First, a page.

Simon Birkett, director of Clean Air In London, says: ‘We banned wood and coal in smoke-controlled areas in 1956, but we have sleep-walked back into the same problems with wood-burners.

‘You can still buy “approved” appliances that meet standards set by Defra (the Department for Environment, Food and Rural Affairs), but that is not the answer: we need to stop burning fossil fuels.’

Although PM2.5 levels had been falling (down by 79 per cent since 1970, says Defra), they have recently stalled. This is believed to be due to the trend for wood-burning stoves.

Open fires are even worse than wood-burners, giving off much more PM2.5.

Other major sources of PM2.5 include industrial combustion (16 per cent), industrial processes (13 per cent), farming (estimated at 13 to 24 per cent) and traffic.

Diesel fuel emissions from cars, buses, taxis and trains account for 12 per cent of PM2.5 emissions in the UK.

Diesel vehicles produce higher levels of PM2.5 than petrol.

Up to one-third of PM2.5 pollution in the UK actually comes from non-UK sources including from on the Continent, moved over by weather systems.

Road transport is the worst offender for nitrogen dioxide — a respiratory irritant that causes inflammation in the airways, leading to coughing and breathing difficulties at high concentrations — responsible for 34 per cent of emissions.

The UK is currently in breach of European safety levels for nitrogen dioxide.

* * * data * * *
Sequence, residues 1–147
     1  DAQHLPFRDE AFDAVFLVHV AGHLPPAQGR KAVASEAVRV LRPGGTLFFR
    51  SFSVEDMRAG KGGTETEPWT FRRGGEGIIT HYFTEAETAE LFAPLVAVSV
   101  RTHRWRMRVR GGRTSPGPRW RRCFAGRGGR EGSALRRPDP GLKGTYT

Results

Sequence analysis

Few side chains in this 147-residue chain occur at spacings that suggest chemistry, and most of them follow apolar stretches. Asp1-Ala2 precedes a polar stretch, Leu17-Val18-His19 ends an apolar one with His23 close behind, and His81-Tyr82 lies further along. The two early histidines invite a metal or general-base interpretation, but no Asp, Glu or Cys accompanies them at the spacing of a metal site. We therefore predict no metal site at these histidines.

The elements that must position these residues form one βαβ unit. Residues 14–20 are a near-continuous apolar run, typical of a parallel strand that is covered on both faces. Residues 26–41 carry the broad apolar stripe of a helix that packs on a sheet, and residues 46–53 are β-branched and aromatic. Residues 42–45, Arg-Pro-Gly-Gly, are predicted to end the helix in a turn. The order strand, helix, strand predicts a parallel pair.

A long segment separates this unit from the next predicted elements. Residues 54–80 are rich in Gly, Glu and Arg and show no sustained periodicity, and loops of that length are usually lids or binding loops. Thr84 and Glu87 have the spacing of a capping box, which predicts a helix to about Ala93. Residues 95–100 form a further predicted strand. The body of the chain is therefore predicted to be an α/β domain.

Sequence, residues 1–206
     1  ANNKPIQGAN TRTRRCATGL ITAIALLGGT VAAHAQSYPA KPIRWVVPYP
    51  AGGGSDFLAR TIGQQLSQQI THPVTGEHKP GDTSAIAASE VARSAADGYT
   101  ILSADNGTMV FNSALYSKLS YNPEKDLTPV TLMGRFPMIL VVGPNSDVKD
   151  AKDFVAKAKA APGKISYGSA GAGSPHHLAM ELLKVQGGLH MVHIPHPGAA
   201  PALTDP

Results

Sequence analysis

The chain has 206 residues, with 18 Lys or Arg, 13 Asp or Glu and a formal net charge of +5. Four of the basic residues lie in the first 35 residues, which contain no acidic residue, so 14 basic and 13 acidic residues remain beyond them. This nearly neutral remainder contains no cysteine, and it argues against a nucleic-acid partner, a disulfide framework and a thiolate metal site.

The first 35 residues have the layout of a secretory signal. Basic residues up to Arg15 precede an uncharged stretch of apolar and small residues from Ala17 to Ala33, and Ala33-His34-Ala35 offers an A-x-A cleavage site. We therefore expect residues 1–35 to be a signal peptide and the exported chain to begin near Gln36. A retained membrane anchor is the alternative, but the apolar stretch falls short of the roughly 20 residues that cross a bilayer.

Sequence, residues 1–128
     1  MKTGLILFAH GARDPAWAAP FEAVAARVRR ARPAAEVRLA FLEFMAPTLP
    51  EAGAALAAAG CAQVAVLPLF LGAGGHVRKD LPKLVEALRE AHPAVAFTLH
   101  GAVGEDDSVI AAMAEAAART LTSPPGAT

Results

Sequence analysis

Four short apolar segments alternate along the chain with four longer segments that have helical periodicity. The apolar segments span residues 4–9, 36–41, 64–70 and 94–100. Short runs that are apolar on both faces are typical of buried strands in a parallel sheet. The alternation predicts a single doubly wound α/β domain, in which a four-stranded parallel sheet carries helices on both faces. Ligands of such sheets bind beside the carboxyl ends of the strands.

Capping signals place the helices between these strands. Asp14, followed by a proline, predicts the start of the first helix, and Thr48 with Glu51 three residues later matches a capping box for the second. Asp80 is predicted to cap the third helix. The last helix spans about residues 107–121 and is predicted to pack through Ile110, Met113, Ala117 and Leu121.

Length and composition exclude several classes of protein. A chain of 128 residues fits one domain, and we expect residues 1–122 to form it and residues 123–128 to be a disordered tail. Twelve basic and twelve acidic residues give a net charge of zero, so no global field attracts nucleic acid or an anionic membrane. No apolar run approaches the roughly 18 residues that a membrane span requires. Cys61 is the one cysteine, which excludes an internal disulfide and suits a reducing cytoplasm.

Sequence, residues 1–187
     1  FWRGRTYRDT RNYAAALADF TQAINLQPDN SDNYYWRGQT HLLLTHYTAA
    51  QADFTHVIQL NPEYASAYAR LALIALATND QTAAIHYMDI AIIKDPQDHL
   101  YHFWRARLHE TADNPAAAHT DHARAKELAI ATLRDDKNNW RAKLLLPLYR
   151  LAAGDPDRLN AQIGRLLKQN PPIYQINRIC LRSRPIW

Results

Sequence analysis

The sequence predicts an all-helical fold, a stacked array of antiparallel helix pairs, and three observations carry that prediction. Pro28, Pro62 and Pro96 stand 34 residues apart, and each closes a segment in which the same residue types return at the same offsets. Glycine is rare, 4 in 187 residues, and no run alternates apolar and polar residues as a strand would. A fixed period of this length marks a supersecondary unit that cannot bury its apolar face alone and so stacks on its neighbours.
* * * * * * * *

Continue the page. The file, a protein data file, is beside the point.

Tips for a cleaner life

Plant a hedge, tree/hedge combination or a ‘living wall’. A study by the University of Surrey found this significantly reduced pollutants in busy, wide streets.

‘Planting a hedge outside your home can filter out traffic fumes at the level of exhaust pipes,’ says Professor Prashant Kumar, chair in air quality and health at the University who led the research, published in the journal Atmospheric Environment earlier this year.

Professor Kumar said planting ‘hedges only’ showed greater reductions in pollutants, including PM2.5, than either planting a hedge and trees in combination or trees alone.

But where there are tall buildings on either side, trees alone only seemed to increase PM2.5 underneath. ‘Trees may trap pollutants and restrict natural movements of the flow — so in those narrow “street canyon” scenarios, it’s better to build green living walls [walls planted with vegetation] and hedges instead,’ says Professor Kumar.

A study published in the Journal of Living Architecture by researchers in Sydney last year found that such ‘bio’ walls significantly reduced PM2.5 levels in an indoor environment.

When you air your house, open windows that are furthest from the road.

Turn your car fan off if stuck in traffic or at traffic lights. ‘Otherwise you will be sucking in polluted air,’ warns Professor Kumar. ‘Press the air recirculation [air conditioning] button instead.’